Partnerships Help Grow Female Interest in Apprenticeships

FAIRFAX, Va. – To those outside the industry, sheet metal work may seem like a man’s world. Internally, journeywomen are thriving, and although the percentage of female sheet metal apprentices is at 4.2 percent, that’s double what it was only two years ago, according to the International Training Institute, the education arm of the unionized sheet metal, welding and air conditioning industry.

Nationally, the construction industry in general is made up of 3 percent women, according to Chicago Women in Trades.

Partnerships and affiliations with women’s trade groups such as Oregon Tradeswomen Inc. in Portland, Washington; Chicago (Illinois) Women in Trades; Nontraditional Employment for Women in New York and Building Pathways in Boston, Massachusetts, have helped training coordinators introduce women to a trade many love but fewer know much about.

Connie Ashbrook, founder and executive director of Oregon Tradeswomen, has worked with Sheet Metal Workers Local No. 16 in Portland since 1996. Together, they’ve increased the female apprenticeship percentage to 9 percent.

“If it wasn’t for Oregon Tradeswomen, I would be at 2 to 3 percent females,” said Kevin Roth, training coordinator for Local No.16. “It is the key to our success.”

Through the organization, women are introduced to many building trades in the area through a free, seven-week pre-apprenticeship class held four times a year. Participants are educated on the skills it takes to apply for a building trades apprenticeship, including the physicality of being an “industrial athlete,” Ashbrook said.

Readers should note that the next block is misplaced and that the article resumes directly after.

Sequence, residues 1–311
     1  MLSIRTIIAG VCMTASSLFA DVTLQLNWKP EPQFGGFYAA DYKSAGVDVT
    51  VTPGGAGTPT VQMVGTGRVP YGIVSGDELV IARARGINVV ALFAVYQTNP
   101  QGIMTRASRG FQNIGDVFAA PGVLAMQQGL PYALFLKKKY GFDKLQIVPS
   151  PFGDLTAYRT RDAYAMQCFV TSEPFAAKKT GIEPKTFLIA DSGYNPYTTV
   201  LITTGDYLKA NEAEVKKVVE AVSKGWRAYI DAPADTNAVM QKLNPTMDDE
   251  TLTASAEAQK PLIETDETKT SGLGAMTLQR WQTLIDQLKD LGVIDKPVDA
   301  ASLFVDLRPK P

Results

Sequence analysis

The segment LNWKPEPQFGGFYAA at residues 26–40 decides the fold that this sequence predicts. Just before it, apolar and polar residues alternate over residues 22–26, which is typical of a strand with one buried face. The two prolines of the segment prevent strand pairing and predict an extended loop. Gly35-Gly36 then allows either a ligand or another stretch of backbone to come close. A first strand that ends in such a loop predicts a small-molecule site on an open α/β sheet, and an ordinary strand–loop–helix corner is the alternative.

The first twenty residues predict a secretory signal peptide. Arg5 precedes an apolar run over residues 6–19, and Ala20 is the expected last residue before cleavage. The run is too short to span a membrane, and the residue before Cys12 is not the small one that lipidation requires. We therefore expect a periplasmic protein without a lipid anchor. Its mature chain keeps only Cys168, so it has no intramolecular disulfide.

“It gives them a head start. Doing the physical fitness training helps them understand they’ll be sore for a while, but it’s OK. They’ll be fine and get over it,” she added. “They have the confidence to know it’ll improve. If it’s too heavy for a woman, it’s likely too heavy for a man, too.”

Opportunities for women are what sheet metal training coordinators across the country and women’s trade organizations are trying to spotlight.

This fall, the U.S. Department of Labor awarded a contract to Chicago Women in Trades’ National Center for Women’s Equity in Apprenticeship and Employment as part of a $20.4-million initiative to expand apprenticeship opportunities in the United States. The grant emphasizes expanding apprenticeship opportunities for women, people of color and other underrepresented populations. The Center will work with 10 organizations, which includes nearly every staffed tradeswomen’s organization in the country.

The project is led by Chicago Women in Trades and Oregon Tradeswomen and includes partnerships such as with the ITI to help attract and retain female apprentices in more than 150 training centers across the country.

The partnership not only helps organizations introduce women to the trades, it helps build strong apprenticeship classes across the nation.

For more information on National Center for Women’s Equity in Apprenticeship and Employment, visit Additional information on women in the trades can be found at or

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